Unless the U.S. Supreme Court intervenes, it is likely that 47-year-old death row inmate Hank Skinner will be executed on March 24 without key pieces of physical evidence in his case ever having been tested. "We continue to hope that the court will intervene to ensure that Mr. Skinner is not executed before the troubling doubts about his guilt can be resolved through scientific evidence," Skinner's attorney, Rob Owen – who is also director of the Capital Punishment Clinic at the University of Texas' law school – told the Associated Press earlier this month.
Skinner was convicted and sentenced to death for the 1993 New Year's Eve killings of his longtime girlfriend, Twila Busby, and her two grown sons, who were both mentally impaired and living at home with the couple in the Panhandle town of Pampa. Busby was strangled and then beaten to death so viciously that pieces of her skull were embedded into her brain; her sons, both of whom were large young men, were stabbed several times. Skinner was home that evening but has insisted he is innocent. He could not have killed Busby or her sons because he was nearly comatose on a combination of pills and booze, argue his defenders; even if he had been awake, they say, he would not have had the strength or coordination to incapacitate three adults. (Toxicology testing revealed a near fatal dose of drugs in Skinner's system.) Skinner "undoubtedly was inside the house when these brutal attacks occurred," Owen wrote in an appeal to the high court in February (at press time the appeal was still pending). But there is "substantial reason to doubt that ... Skinner could have committed the murders, given the abundant evidence that he was completely incapacitated by the extreme quantities of alcohol and codeine he had consumed earlier that evening."
The state argued that Skinner, who had a reputation as a drinker, had a high tolerance and thus likely wasn't as impaired as one might expect – an argument with which the jurors apparently agreed. Still, the state has never tested numerous items of evidence taken from the crime scene – including clippings taken from Busby's nails, a rape-kit test, two knives, and hair found on a windbreaker stained with sweat. Gray County District Attorney Lynn Switzer has objected to any testing of this evidence, saying that Skinner had a chance to do so before his 1995 trial but didn't take it – whether that evidence would reveal that she and her predecessors were wrong about Skinner's guilt – allowing a killer to remain on the loose for more than a decade – is apparently none of her concern.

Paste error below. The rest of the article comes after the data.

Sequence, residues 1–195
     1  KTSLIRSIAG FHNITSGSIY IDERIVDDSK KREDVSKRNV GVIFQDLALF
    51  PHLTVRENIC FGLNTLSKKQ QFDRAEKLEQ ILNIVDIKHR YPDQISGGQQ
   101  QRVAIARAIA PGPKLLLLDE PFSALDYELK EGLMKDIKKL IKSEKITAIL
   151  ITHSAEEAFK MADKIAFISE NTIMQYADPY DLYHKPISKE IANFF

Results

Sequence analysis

It would seem that the Court of Criminal Appeals, which has so far denied Skinner's appeals to conduct the DNA testing that could either clear his name or definitively prove his guilt, is of the same opinion. In 2001 state lawmakers penned a post-conviction DNA testing law that would allow inmates to have biological evidence tested for cases in which there had previously been no access to testing, advancements in testing might produce more probative results, or, "through no fault of the convicted person," the evidence had not been previously tested, but "the interests of justice require DNA testing." While the third standard would seem to apply to Skinner's case, the courts so far have not agreed: Apparently it is Skinner's "fault" that his lawyer had not previously had the evidence tested. The ruling is troubling to Owens; for starters, it doesn't make sense that Skinner could have waived his right to testing years before the law even existed. But more disturbing, perhaps, is the court's apparent interpretation of the term "fault." In "most places where the law uses the concept of fault it implies ... a lack of diligence" or other culpable state, he said. The CCA's ruling here is a "jarring" redefinition of fault that suggests that if a lawyer advises his client not to conduct testing, for whatever reason, and the client agrees, that could be considered a complete waiver of the right to ever have the evidence tested. "It seems to me they're exalting technicalities over the substance" of the law.
Whether Skinner will ever get a chance to have that evidence tested remains entirely unclear – indeed, he has been seeking access to the evidence since 2000. In November 2009, Owen filed a federal civil suit against Switzer, seeking access to the evidence, arguing that Skinner's right to due process has been violated. The district court and U.S. 5th Circuit Court of Appeals have to date ruled that he is not entitled to that evidence under the federal statute. An appeal of that decision is currently pending before the high court. If the court accepts the case and rules in Skinner's favor, the case will go back to district court, where Skinner will have a chance to argue, once more, that he should be allowed access to the as-yet-untested evidence.
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